It's a fascinating contradiction that liberal feminists live. Earlier that opening day, at an "Unconventional Women" event sponsored by a coalition of feminists' groups, members of Congress talked about the differences between men and women. Men, for instance, simply can't bring to the legislative table the same concerns that women do. They, apparently, are biologically incapable of realizing that men and women have different health needs. And so, congresswomen will, in the same breath, praise their own efforts on gender-parity healthcare reform (because there are real differences between men and women) and also complain about the lack of equal pay and the failure to ratify the Equal Rights Amendment; a relic left by the trash heap of history somewhere around leisure suits and disco.
Some women have commented that perhaps Michelle Obama was being "post-feminist." Following this Ivy League-law-school-educated career woman and loving mother's lead, women can once again be feminists while embracing the traditional roles of women.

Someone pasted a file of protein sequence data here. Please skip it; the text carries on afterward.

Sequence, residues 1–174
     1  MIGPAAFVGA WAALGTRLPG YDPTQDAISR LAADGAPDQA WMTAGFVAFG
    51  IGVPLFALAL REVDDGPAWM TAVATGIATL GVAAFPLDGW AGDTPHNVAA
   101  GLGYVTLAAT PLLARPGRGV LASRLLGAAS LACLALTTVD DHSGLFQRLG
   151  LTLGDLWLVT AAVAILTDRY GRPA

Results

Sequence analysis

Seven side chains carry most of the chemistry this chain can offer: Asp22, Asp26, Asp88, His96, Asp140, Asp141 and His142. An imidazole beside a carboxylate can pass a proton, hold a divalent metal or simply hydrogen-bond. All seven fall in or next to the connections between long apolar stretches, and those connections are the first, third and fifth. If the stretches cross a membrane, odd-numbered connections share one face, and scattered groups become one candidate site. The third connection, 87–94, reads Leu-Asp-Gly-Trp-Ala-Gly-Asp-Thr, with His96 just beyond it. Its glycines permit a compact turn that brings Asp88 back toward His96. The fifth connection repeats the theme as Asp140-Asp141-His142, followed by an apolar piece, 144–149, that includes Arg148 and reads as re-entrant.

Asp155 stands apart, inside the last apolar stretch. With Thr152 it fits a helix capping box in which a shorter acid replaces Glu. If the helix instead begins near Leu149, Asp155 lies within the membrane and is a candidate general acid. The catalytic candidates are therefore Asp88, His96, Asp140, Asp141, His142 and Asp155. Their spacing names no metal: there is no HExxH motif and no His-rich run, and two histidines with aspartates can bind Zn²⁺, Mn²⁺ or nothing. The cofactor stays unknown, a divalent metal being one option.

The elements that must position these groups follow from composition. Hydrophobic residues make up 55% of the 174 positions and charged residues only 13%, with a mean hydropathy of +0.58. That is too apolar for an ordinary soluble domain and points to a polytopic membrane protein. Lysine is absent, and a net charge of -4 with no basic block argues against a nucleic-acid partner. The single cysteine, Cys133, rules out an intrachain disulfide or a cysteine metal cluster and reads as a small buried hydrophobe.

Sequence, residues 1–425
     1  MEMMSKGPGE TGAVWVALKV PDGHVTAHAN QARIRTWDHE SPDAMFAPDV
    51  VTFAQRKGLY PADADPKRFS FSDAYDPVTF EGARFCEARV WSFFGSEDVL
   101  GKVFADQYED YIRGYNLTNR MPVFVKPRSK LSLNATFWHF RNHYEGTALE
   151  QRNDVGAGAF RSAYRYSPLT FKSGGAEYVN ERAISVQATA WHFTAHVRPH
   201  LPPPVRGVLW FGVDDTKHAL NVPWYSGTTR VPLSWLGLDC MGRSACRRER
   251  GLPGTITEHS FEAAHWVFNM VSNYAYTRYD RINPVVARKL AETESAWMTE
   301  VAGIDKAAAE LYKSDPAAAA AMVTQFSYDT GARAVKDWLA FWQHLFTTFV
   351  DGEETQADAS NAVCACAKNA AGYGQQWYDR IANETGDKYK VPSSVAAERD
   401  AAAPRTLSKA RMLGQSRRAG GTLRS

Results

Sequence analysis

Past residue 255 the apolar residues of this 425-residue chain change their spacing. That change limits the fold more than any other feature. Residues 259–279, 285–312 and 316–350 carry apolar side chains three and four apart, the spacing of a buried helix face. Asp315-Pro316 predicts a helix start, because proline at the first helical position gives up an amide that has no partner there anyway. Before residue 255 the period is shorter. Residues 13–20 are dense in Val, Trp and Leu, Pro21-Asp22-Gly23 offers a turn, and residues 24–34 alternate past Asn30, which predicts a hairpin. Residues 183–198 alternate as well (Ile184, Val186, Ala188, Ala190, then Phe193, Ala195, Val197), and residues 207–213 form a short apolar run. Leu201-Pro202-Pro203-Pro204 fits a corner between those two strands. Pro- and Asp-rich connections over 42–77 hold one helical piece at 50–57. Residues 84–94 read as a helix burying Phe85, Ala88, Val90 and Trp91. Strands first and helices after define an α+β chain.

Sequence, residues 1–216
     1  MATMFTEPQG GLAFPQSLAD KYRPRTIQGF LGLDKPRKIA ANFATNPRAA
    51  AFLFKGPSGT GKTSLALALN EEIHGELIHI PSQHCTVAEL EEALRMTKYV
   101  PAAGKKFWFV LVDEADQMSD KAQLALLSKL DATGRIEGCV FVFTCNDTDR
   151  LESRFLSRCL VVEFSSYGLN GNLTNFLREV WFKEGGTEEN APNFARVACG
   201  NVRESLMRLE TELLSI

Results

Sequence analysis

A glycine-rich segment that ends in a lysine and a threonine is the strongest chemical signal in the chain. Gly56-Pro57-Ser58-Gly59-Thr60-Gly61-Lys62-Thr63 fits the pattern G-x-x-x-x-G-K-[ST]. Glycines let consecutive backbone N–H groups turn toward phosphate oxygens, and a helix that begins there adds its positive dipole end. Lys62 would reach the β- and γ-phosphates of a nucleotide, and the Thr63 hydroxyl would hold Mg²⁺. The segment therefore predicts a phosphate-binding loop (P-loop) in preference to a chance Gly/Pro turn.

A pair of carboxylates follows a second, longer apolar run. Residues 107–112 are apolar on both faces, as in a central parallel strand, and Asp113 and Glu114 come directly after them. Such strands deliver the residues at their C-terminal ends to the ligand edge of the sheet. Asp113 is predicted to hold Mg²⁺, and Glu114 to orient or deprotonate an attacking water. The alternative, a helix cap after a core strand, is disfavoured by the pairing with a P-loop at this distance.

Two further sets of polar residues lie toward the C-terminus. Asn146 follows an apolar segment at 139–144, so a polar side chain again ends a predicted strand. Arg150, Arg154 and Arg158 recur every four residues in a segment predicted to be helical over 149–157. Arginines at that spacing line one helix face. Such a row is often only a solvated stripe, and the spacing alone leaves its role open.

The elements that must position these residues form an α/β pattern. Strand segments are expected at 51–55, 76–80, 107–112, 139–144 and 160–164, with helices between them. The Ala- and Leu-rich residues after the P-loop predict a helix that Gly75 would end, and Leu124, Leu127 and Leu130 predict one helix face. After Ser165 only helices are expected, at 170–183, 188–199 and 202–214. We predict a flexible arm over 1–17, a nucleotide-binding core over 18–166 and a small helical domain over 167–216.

I wouldn't go that far.
Like her husband, who has been known to talk about the importance of fatherhood, Michelle doesn't go far enough. I presume that's because even if she wanted to, she couldn't: The party wouldn't let her. It's the reason, I assume, that Barack Obama can't bring himself to do a full-on Bill Cosby and challenge men -- and specifically black men, because he can -- to be responsible fathers. He could talk passionately, opening up about what it was like to grow up without one.
The Obamas know what works -- good, solid, traditional families with a mom and a dad. They are also in the rare position of actually being able to say that. But they won't.
While some women whine that they won't see one of their own become president next year, they should really be challenging the Obamas to tell the honest truth about family values.
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